Week 8, Statistically Speaking

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A numerical snapshot of the week that was in college football…

0 — Rushing yards for Tennessee as it was tripped up by Ole Miss in Oxford.  Three different Vols had negative yards rushing, led by quarterback Justin Worley‘s minus-41.

0 — Through seven games, the number of interceptions Wyoming has, the only team in the country to not yet pick off a pass this season.

1 — True road games each played by Ohio State, Texas and Wisconsin through eight weeks, the lowest total at the FBS level. The Badgers don’t play on the road again until Nov. 1 (Rutgers), while the Buckeyes and Longhorns will travel to Penn State and Kansas State, respectively, next weekend.

1-2 — Oklahoma’s record since Katy Perry propositioned quarterback Trevor Knight on ESPN‘s GameDay show prior to the loss to TCU.  Knight has thrown a pick-six in both losses, including the “upset” at the hands of Kansas State.

2 — Number of wins shy Ohio State’s current 18-game Big Ten winning streak is from tying the Buckeyes’ conference record of 20 straight set in 2005-07.

2 — FBS quarterbacks who have attempted at least 100 passes without an interception this season, with both coming from the Pac-12: Oregon’s Marcus Mariota (188) and Utah’s Travis Wilson (111).

4 — Non-offensive touchdowns (punt return, kick return, interception return, fumble return) in Missouri’s 42-13 pasting of Florida that could very well mark the end of the Will Muschamp error era.

4-3 — South Carolina’s record in 2014, its worst to start a season since 2005. That year also happened to be Steve Spurrier‘s first season with the Gamecocks.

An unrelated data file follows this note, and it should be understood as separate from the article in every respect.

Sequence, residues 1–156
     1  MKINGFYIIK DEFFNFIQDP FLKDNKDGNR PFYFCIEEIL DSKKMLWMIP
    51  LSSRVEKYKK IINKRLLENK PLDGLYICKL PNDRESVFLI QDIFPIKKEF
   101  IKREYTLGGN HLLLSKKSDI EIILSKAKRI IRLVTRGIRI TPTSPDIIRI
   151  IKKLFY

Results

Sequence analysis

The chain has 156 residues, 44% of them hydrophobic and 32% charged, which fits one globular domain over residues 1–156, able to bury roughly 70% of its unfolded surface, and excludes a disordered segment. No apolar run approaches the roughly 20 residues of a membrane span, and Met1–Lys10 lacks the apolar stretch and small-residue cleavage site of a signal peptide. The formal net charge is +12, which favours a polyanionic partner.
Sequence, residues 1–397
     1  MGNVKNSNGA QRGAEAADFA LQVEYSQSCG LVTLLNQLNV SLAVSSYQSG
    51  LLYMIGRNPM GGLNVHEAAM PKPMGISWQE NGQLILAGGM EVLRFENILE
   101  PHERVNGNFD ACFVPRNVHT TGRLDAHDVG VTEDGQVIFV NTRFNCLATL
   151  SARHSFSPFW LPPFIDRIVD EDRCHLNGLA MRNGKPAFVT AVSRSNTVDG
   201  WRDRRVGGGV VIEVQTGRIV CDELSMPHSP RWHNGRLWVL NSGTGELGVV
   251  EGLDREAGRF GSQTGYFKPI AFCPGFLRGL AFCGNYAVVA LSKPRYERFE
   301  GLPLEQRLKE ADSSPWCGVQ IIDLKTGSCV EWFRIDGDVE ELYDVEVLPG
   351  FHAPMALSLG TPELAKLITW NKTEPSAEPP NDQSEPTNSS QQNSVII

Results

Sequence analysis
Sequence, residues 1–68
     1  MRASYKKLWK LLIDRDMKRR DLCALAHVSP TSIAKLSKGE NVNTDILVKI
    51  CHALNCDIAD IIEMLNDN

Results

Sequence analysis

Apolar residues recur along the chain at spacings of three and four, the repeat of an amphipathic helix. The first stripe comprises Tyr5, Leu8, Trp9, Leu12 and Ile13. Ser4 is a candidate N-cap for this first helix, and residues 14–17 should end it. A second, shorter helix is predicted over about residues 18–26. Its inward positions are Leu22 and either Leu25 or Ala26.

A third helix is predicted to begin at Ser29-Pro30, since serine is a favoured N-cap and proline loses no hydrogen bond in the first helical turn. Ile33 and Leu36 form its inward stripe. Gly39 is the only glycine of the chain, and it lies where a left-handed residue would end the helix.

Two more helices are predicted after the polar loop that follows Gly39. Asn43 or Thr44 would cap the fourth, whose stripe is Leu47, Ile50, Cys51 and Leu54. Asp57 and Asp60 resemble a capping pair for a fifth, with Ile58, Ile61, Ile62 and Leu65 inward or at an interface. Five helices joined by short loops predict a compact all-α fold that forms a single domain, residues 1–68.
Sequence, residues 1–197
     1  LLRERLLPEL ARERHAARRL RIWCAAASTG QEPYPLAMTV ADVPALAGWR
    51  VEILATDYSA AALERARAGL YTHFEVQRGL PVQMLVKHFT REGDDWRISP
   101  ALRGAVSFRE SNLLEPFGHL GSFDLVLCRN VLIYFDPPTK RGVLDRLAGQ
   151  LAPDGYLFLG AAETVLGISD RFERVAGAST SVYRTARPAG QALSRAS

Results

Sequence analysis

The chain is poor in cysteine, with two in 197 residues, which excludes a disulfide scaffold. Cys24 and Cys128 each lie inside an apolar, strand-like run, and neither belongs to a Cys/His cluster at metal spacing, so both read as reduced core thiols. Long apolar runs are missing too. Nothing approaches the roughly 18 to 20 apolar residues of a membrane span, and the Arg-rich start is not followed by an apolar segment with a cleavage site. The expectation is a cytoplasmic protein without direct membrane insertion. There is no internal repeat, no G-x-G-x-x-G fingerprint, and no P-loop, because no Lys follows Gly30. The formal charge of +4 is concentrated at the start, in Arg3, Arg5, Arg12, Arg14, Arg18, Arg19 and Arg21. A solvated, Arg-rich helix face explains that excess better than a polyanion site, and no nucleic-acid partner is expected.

5 — Since 1944, the number of times Duke has started a season 6-1 or better: 7-0 in 1994, 6-1 in 2014, 1960, 1953 and 1952.

7 — School-record touchdown passes Cody Kessler tossed in USC’s blowout win over Colorado.  Kessler threw those seven touchdowns in just 27 attempts.

8 — Consecutive games in which Clint Trickett has thrown for 300-plus yards, including 322 in West Virginia’s upset of Baylor in Morgantown in Week 8.  That extends Trickett’s school record he set earlier this season.

Tevin Coleman
Tevin Coleman

8.8 — Yards per carry average on 15 attempts by Indiana’s Tevin Coleman, the nation’s leading rusher, in the loss to Michigan State.  MSU came into the game giving up 2.8 yards per carry, good for ninth in the country.

9 — Boise State players who caught passes in Friday night’s win over Fresno State, none of whom totaled more than 43 yards receiving.

13 — Nation’s longest current home winning streak by Alabama, Auburn and Baylor. Marshall, at 11 in a row, has the longest of the Group of Five schools.

14 — Fewest number of 100-yard rushers allowed since 2005, by Alabama. Following the Tide are Ohio State (19) and Boston College (21).

29 — Unanswered points scored by Nevada to overcome a 28-13 halftime deficit in beating BYU 42-35.

30 — Number of consecutive opponents Stanford has held under 30 points, the longest such streak in the country. Louisville and Ole Miss are tied for second at 14 straight.

35 — Points in the second quarter of Alabama’s woodshedding of Texas A&M, the most in a quarter in program history (records dating from 1945 to present). The previous high was 34 at Ole Miss on Oct. 7, 1989. The 56-point win was the Tide’s largest margin of victory since downing Vanderbilt 66-3 on Sept. 29, 1979 and the largest shutout win since beating Tulane 62-0 on Oct. 12, 1991.

37.9Jeff Driskel‘s quarterback rating in Florida’s embarrassing loss to Missouri.  The NCAA’s official stats website lists 114 quarterbacks in its passing efficiency ratings; Driskel is dead last at 95.5.